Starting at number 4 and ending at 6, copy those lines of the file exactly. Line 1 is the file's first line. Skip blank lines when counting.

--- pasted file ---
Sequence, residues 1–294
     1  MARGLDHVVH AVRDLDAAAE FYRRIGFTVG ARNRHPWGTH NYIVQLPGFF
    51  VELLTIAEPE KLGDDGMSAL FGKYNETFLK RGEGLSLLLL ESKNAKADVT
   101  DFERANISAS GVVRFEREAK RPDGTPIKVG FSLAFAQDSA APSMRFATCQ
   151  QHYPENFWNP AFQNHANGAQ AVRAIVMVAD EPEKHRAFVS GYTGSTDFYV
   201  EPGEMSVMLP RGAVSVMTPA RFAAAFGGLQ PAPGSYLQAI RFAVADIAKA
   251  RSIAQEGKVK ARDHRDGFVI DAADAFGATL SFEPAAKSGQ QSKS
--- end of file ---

   101  DFERANISAS GVVRFEREAK RPDGTPIKVG FSLAFAQDSA APSMRFATCQ
   151  QHYPENFWNP AFQNHANGAQ AVRAIVMVAD EPEKHRAFVS GYTGSTDFYV
   201  EPGEMSVMLP RGAVSVMTPA RFAAAFGGLQ PAPGSYLQAI RFAVADIAKA